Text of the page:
The Finance Industry Is Revealing The Ugly Side Of Influencers

The SEC charges influencers in an alleged $100M “pump and dump” scheme.

You've probably read the news by now, but TikTok could be facing a potential ban in the United States. A new bill was introduced this week that would "block and prohibit all transactions" in the U.S. by social media companies with at least one million monthly users if the companies are based in countries like China, Russia, and Iran, which are considered foreign adversaries.

Considering how much money is involved with TikTok, I don't think this will happen, but creators and brands will certainly take notice. Like last time when TikTok was facing a ban, we will see creators lean into other platforms, and some brands will halt their TikTok efforts to see how things play out. This will be good news for Instagram and YouTube and their respective short-form video features in Reels and Shorts. They should see more action from both creators and brands.

Today’s Edition:

  • The SEC charges influencers in an alleged $100M “pump and dump” scheme

  • Instagram announces a handful of new features

  • Discord rolls out its first creator monetization feature to all creators

The SEC Charges Influencers In An Alleged $100M “Pump & Dump” Scheme

Earlier this week, the Securities and Exchange Commission (SEC) announced charges against seven financial influencers in a $100 million securities fraud.

What Happened

According to the SEC, the influencers used Twitter and Discord to manipulate exchange-traded stocks. They purchased certain stocks and then encouraged their hundreds of thousands of followers and subscribers across Twitter, Discord, and YouTube to do the same. However, they would then sell the stocks when prices and trading volume were up but often didn't disclose that they were dumping the securities. They also flaunted their flashy lifestyles. An eighth influencer was charged with aiding and abetting the alleged scheme by co-hosting podcasts with the others and positioning them as financial experts.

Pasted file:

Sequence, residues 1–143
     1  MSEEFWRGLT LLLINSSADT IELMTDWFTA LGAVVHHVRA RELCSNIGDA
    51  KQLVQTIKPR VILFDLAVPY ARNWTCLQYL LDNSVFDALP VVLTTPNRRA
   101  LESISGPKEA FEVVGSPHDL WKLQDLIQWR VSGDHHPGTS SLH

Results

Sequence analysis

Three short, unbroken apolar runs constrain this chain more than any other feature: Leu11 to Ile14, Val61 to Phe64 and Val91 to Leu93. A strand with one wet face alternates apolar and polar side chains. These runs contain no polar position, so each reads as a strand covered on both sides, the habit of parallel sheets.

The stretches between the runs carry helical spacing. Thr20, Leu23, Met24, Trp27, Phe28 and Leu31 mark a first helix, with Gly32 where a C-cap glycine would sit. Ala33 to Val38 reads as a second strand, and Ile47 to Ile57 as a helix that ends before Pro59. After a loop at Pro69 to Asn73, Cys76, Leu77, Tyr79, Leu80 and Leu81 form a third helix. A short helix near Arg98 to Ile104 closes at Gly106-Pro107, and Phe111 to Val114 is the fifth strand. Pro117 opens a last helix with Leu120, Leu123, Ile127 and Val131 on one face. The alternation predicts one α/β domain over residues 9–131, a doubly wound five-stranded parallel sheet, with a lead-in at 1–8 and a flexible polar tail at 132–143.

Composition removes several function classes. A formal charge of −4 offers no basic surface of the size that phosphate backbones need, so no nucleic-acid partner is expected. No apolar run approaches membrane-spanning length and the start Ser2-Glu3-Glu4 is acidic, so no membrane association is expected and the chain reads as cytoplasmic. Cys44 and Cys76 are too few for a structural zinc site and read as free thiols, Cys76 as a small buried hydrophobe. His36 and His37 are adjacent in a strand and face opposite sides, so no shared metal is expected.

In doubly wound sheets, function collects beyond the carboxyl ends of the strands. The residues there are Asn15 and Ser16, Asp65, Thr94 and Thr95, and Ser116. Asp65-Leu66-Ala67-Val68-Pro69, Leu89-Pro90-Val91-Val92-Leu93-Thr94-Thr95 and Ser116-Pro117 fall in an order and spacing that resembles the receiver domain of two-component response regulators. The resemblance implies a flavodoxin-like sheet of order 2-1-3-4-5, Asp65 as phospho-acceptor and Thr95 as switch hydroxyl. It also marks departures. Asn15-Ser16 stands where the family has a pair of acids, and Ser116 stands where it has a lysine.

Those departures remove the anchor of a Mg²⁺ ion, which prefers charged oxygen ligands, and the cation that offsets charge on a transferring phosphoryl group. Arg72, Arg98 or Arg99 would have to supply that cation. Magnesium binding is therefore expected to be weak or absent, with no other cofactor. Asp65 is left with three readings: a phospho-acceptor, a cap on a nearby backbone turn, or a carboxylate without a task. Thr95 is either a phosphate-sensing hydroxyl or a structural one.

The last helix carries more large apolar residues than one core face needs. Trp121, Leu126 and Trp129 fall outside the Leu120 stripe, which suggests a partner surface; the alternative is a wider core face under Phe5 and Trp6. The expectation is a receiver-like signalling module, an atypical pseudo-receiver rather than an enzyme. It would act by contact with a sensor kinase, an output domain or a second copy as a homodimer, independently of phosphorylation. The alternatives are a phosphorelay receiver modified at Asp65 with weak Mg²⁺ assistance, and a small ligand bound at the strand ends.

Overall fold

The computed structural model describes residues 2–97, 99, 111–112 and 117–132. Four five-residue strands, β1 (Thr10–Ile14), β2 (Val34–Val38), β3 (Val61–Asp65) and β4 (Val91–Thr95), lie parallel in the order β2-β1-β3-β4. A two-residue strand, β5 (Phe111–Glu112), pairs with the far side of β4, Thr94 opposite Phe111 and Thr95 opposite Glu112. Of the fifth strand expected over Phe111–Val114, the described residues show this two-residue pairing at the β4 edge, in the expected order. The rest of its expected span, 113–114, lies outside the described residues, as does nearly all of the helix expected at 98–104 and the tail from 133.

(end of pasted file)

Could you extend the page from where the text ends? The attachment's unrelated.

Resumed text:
The Ugly Side Of Influencers

It hasn't been a good year for financial services and influencers. Earlier this fall, Kim Kardashian was charged by the SEC for unlawfully promoting a cryptocurrency. Then, at the beginning of November, influencers and celebrities who partnered with crypto exchange FTX faced backlash from their communities following its collapse.

These reveal the ugly side of influencers. While influencers can help entertain, educate, and inform for good, their power can also be harmful. This is especially true regarding industries like finance and health. As in this scenario, these creators misused their influence and misled their community, who looked at them as individuals looking to help.

More situations will likely happen as more people gravitate to social media personalities and see them as experts. It won't always be as detrimental as people losing significant amounts of money like this. But even an influencer recommending a product and their followers buying it and realizing its poor quality can lead to mistrust. The more this happens over time, the more people will be wary of taking recommendations or advice from the people they follow.

What It Means Going Forward